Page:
Books – Titles A-Z

  • Fault Lines

    Life and Landscape in Saskatchewan’s Oil Economy

    Valerie Zink (Author), Emily Eaton (Author)

    Documenting a moment of transition.

    Published September 2016 | Art & Architecture, Environmental Studies, Geography

  • Finding a Way to the Heart

    Feminist Writings on Aboriginal and Women’s History in Canada

    Robin Jarvis Brownlie (Editor), Valerie J. Korinek (Editor)

    Provocative reflections on a generation of feminist scholarship.

    Published April 2012 | Indigenous Studies, Women’s Studies

  • First Nations Gaming in Canada

    Yale D. Belanger (Editor)

    While games of chance have been part of the Aboriginal cultural landscape since before European contact, large-scale commercial gaming facilities within First Nations communities are a relatively new phenomenon in Canada. First Nations Gaming in Canada is the first multidisciplinary study of the role of gaming in indigenous communities north of the 49th parallel.

    Published February 2011 | Gambling, Indigenous Studies

  • For All We Have and Are

    Regina and the Experience of the Great War

    James M. Pitsula (Author)

    The First World War profoundly affected every community in Canada. In Regina, the politics of national identity, the rural myth, and the social gospel all lent a distinctive flavour to the city’s experience of the Great War. Skillfully combining vivid detail with the larger social context, For All We Have and Are provides a nuanced picture of how one Canadian community rebuilt both its realities and myths in response to the cataclysm of the “war to end all wars.”

    Published November 2008 | History, Military History

  • For King and Kanata

    Canadian Indians and the First World War

    Timothy C. Winegard (Author)

    The first comprehensive history of the Aboriginal First World War experience on the battlefield and the home front.

    Published January 2012 | History, Indigenous Studies, Military History

  • Forest Prairie Edge

    Place History in Saskatchewan

    Merle Massie (Author)

    A prairie history about life at the edge of the forest.

    Published April 2014 | Environmental Studies, History

  • Formidable Heritage

    Manitoba’s North and the Cost of Development, 1870 to 1930

    Jim Mochoruk (Author)

    Although climate and geography make our northern condition apparent, Canadians often forget about the north and its problems. Nevertheless, for the generation of historians that included Lower, Creighton, and Morton, the northern rivers, lakes, forests, and plains were often seen as primary characters in the drama of nation building. Jim Mochoruk shows how government and business worked together to transform what had been the exclusive fur-trading preserve of the Hudson’s Bay Company into an industrial hinterland.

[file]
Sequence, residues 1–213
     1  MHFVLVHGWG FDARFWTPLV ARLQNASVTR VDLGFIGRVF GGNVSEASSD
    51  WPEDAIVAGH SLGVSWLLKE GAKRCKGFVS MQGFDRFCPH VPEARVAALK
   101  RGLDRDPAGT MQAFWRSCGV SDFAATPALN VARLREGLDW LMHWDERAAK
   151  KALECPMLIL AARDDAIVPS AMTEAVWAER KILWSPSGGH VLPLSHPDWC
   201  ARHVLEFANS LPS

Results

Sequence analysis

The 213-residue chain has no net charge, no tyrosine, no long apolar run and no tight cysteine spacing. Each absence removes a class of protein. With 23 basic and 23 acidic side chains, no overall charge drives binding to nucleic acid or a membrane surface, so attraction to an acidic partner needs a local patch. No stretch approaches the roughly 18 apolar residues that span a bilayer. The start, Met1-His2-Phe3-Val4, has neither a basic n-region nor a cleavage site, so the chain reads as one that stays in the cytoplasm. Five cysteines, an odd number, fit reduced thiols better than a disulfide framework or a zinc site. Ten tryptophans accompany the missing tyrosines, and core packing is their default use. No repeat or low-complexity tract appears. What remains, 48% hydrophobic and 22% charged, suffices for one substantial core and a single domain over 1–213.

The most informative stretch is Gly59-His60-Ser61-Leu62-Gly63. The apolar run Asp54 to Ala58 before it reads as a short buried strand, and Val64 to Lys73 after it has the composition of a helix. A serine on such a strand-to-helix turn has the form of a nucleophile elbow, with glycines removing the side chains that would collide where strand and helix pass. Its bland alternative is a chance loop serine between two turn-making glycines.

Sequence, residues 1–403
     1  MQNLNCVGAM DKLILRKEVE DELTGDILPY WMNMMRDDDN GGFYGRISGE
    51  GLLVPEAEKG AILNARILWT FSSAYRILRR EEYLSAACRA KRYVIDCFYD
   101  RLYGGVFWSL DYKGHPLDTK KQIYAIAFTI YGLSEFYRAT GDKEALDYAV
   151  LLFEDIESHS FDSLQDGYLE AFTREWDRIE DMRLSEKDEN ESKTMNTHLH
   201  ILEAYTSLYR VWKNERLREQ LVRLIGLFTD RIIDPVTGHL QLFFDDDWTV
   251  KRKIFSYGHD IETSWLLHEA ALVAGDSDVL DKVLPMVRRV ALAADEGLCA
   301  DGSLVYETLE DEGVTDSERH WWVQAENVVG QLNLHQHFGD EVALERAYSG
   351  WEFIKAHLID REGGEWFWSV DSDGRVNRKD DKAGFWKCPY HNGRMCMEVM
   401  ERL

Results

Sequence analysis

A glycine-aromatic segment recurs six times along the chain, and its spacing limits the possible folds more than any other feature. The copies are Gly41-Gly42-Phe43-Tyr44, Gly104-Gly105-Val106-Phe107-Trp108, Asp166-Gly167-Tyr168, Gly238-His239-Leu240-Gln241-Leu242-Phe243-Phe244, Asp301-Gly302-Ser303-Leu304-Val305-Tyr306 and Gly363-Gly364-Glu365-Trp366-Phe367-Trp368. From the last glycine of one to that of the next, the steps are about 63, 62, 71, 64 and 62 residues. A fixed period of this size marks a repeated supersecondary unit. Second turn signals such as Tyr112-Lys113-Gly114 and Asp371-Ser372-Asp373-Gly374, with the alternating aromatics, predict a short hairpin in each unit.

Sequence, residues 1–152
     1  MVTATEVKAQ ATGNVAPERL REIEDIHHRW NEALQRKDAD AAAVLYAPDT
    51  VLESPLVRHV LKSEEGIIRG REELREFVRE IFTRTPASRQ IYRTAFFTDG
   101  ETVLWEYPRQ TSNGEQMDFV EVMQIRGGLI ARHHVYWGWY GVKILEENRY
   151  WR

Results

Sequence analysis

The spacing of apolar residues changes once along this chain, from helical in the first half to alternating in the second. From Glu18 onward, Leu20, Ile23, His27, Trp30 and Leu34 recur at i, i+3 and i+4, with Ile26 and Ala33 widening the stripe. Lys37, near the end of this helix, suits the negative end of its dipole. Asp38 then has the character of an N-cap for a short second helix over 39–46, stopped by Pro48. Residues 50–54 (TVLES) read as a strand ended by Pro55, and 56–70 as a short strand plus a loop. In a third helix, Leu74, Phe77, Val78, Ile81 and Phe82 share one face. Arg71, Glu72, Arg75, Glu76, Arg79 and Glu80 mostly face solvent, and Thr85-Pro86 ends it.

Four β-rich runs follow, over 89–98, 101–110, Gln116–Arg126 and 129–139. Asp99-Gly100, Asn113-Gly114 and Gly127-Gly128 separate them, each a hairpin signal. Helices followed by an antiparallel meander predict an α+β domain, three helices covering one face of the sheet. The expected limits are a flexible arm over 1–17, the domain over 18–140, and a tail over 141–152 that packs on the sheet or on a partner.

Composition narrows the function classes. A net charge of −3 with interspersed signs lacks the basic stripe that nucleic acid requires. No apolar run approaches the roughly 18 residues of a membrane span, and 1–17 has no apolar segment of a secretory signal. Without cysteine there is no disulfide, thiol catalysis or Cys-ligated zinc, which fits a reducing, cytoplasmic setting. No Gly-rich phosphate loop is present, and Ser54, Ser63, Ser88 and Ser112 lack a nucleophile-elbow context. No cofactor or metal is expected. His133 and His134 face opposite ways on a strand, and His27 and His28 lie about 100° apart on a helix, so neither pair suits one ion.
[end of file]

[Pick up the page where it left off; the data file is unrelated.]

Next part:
Published June 2004 | History

  • French and Indians in the Heart of North America, 1630-1815

    Robert Englebert (Editor), Guillaume Teasdale (Editor)

    A new and innovative perspective on French and Indigenous relations during the New France era.

    Published April 2013 | History, Indigenous Studies

  • Freshwater Fishes of Manitoba

    Kenneth Stewart (Author), Douglas Watkinson (Author)

    Freshwater Fishes of Manitoba is a comprehensive, user-friendly guide to all of Manitoba’s ninety-three species of freshwater fish. Each species is accurately depicted in detailed colour photographs and accompanying map, with descriptions of physical characteristics, spawning and feeding habits, distribution, habitat, ecological role, and economic importance. The guide also includes an extensive glossary, keys to identifying the families, species, and subspecies, and information on documentation and preservation of specimens

    Published May 2004

  • From the Inside Out

    The Rural Worlds of Mennonite Diarists

    Royden Loewen (Author)

    Historian Royden Loewen has brought together selections from diaries kept by 21 Mennonites in Canada between 1863 and 1929, some translated from German for the first time. By skillfully comparing and contrasting a wide cross-section of lives, Loewen shows how these diaries often turn the hidden contours of household and community “inside out.”

    Published October 1999 | Ethnic Studies, History, Mennonite Studies